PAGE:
Dogfish are a number of species of sharks in the Squalidae family. They have venomous spines, something that no other shark species have. While there are quite a few different species of this shark, the most well-known species is the spiny dogfish. Because of this, we will focus this article upon this species, rather than the entire family of sharks. Read on to learn about the dogfish.
Description of the Dogfish
This shark species is long and lanky, with a relatively small tail fin. They have two spines along their backs that contain mild venom, and they use these spines to protect themselves from predators. Females are longer than males. Males grow to be between 2.6 and 3.3 ft. long, while females can grow up to 5.2 ft. in length.
Interesting Facts About the Dogfish
Don’t let these smaller sharks fool you … Dogfish might not be as intimidating as some of their larger cousins, but they are incredibly interesting creatures. Learn more about these little sharks below.
- Long Lived – Researchers believe this species may be capable of living up to 100 years or more! Female dogfish do not reach sexual maturity until about 20 years of age, suggesting that they have a long lifespan.
- “Spiny” – The first half of the spiny dogfish’s name is pretty self-explanatory. It gets the name “spiny” because it has sharp spines in front of each dorsal fin. If a predator grabs it, it arches its back, pushing the spines into the predator’s skin or mouth.
- “Dogfish” – The term “dogfish” comes from the behavior of this species. Large groups of these small sharks will come together to hunt, and can be very aggressive in pursuit of prey. This group feeding, and dog-like tenacity is where they get their name.
- Fish and Chips – In Europe, if you order “fish and chips,” it is highly likely that you are actually eating dogfish and chips. The international demand for their meat is quite high. This fishing pressure has caused a sharp decline in their populations.
Habitat of the Dogfish
For the most part, these sharks prefer shallow, coastal waters. However, researchers have found them at depths up to 3,000 ft. beneath the surface. Rather than swimming in the open ocean, they prefer to range along the sea floor in search of food. Unlike many other shark species, these sharks will also range into subarctic waters. They reside in temperate and subarctic habitats worldwide.
Distribution of the Dogfish
This species ranges near the coastline in any temperate or subarctic ocean across the world. Basically, you can find them anywhere but the equator and the poles. They reside along the southern coasts of South America, Africa, and Australia. Their range also extends up the entire coast of eastern North America, into southern Greenland. They also live throughout the coasts of Europe.
Diet of the Dogfish
Much like the dogs from whom they get their name, these sharks are not particularly picky eaters. They will pack up and feed upon just about anything they can sink their teeth into. They are notoriously aggressive and relentless predators. Newborns are even known to pursue prey several times their own size. They eat fish, squid, crabs, other crustaceans, and invertebrates.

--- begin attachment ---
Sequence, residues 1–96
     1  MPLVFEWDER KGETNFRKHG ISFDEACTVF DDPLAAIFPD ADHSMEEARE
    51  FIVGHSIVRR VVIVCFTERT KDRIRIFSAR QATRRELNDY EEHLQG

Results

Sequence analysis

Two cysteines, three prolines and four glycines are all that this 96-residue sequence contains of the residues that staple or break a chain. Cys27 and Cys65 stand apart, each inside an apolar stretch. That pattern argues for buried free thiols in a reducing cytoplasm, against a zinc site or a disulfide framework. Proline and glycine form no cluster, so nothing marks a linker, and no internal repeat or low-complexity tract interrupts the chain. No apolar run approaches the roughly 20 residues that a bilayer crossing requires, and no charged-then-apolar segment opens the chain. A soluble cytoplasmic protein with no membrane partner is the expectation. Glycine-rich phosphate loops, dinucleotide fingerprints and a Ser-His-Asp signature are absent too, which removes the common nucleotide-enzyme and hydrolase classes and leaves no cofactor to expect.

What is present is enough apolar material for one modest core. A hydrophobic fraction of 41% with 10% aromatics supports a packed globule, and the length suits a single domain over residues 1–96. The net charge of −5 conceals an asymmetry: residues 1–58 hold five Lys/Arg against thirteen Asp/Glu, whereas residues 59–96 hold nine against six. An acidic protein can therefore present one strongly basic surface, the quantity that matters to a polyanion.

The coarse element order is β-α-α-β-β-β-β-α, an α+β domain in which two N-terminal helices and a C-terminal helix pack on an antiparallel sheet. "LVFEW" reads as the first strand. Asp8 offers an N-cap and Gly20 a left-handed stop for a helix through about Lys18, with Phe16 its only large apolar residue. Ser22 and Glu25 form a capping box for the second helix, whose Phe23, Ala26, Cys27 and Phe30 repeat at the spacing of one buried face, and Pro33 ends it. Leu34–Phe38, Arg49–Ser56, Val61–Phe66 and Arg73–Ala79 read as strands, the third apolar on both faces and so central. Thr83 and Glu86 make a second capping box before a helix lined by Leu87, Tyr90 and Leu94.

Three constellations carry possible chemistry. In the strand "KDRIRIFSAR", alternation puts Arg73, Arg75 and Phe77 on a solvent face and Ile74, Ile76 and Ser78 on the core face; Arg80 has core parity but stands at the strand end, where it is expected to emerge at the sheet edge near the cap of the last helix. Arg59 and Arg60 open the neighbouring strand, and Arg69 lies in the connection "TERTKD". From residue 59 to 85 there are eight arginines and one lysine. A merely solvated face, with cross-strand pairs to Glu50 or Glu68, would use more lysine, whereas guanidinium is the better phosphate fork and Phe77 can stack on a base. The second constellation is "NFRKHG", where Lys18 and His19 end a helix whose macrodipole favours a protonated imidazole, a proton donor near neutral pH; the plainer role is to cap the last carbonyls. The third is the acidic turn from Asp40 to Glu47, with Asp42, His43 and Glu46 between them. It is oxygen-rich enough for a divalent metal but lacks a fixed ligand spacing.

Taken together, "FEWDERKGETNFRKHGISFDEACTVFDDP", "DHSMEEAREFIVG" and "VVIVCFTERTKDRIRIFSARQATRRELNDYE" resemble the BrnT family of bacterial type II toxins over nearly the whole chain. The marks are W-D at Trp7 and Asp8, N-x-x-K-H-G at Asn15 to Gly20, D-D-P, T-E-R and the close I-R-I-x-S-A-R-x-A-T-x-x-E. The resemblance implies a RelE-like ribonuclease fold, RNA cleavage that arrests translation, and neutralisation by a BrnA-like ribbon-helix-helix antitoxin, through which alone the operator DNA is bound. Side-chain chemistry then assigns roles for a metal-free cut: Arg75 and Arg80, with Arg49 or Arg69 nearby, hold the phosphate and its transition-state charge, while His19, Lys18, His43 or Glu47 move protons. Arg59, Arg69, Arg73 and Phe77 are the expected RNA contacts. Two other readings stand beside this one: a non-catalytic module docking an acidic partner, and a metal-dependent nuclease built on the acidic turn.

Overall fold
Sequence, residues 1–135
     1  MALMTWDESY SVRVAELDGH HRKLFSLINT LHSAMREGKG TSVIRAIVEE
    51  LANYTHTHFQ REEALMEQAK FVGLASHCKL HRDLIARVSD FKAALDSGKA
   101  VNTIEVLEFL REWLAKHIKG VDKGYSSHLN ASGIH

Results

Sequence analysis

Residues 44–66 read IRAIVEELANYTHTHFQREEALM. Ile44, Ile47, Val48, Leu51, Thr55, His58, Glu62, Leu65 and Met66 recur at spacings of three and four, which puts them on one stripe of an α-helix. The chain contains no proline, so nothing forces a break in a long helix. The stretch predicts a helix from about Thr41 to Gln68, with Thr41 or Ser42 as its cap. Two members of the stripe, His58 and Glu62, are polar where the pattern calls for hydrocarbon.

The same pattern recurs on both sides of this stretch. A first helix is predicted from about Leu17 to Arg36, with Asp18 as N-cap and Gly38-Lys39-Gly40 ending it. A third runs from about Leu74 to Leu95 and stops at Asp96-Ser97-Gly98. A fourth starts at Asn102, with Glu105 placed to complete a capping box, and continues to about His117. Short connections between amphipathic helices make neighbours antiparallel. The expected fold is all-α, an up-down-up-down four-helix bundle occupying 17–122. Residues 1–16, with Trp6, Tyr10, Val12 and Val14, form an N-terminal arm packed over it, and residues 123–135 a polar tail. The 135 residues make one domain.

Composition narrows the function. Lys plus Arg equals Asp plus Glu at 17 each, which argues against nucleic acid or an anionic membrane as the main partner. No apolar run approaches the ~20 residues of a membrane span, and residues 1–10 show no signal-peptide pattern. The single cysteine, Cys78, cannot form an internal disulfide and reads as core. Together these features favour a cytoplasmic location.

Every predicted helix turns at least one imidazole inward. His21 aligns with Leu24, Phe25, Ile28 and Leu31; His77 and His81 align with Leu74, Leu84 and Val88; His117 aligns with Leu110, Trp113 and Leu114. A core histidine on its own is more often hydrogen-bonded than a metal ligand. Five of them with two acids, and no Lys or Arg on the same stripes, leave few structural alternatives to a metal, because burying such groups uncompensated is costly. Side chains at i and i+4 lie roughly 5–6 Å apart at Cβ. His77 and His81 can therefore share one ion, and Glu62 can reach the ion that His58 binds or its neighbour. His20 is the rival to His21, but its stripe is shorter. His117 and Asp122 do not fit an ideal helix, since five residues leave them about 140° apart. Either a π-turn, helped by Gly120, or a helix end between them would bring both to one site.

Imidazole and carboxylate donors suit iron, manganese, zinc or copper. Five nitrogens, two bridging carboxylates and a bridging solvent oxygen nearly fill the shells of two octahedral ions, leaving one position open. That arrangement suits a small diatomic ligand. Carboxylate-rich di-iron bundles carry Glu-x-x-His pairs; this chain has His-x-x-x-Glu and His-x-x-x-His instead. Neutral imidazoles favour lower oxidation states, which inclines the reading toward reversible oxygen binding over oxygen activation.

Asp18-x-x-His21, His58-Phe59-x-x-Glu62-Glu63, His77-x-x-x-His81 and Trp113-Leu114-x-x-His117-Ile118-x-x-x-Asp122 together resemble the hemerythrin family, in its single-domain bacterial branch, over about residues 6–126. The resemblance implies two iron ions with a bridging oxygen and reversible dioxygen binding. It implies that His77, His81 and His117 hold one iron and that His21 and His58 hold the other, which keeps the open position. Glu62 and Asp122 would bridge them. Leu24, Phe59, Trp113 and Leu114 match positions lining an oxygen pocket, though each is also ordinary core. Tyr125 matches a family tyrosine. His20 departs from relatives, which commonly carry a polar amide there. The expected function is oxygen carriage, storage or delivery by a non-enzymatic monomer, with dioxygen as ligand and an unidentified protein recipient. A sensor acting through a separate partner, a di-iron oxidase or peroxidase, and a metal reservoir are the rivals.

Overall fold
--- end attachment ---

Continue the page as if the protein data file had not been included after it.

Dogfish and Human Interaction
Cultures worldwide utilize these sharks in their commercial and recreational fisheries. Because of this, the worldwide population of this species is decreasing. Overfishing is extremely detrimental to this species, because females cannot breed until they reach around 20 years of age.
This means that the number of animals reaching adulthood to replenish the population is drastically low. Because of this, the IUCN lists this species as Vulnerable. A number of initiatives have begun to control the harvest of dogfish in an attempt to reduce the population loss.
Humans have not domesticated dogfish in any way.
Does the Dogfish Make a Good Pet
These sharks do not make the best pets. They have an incredibly long lifespan, and are surprisingly social creatures. Because of this, they are a pretty big commitment. Even though they do not grow excessively large, they still require obscenely large tanks to swim in. All of this equates to lots of cost, and a pretty impractical pet.
As smaller, bottom dwelling species, these sharks are generally more successful in aquariums than their larger counterparts. You can house them in tanks with other sharks of similar size, but they will usually eat any smaller fish or crustaceans you keep with them.
These sharks are social, and you can keep several of them together in the same tank. Keeping these sharks in aquariums allows scientists to research their behavior and reproductive strategies to better understand their wild counterparts.
Behavior of the Dogfish
These sharks are one of a handful of shark species that are quite social. Along with lemon sharks, blue sharks, and hammerheads, dogfish will congregate and even hunt in packs. Their behavior is voracious, and the group will eat just about anything they can catch. The groups will spread out and sweep an area, chasing any prey they come across into the open.
Reproduction of the Dogfish
Male dogfish begin to reproduce at around 11 years old, and females at around 20 years old. They are ovoviviparous, which means that they develop the eggs within their uterus, and give live birth. This species has possibly the longest gestation period of any vertebrate animal. The female will gestate for as long as 2 years before giving birth. That’s longer than an African elephant!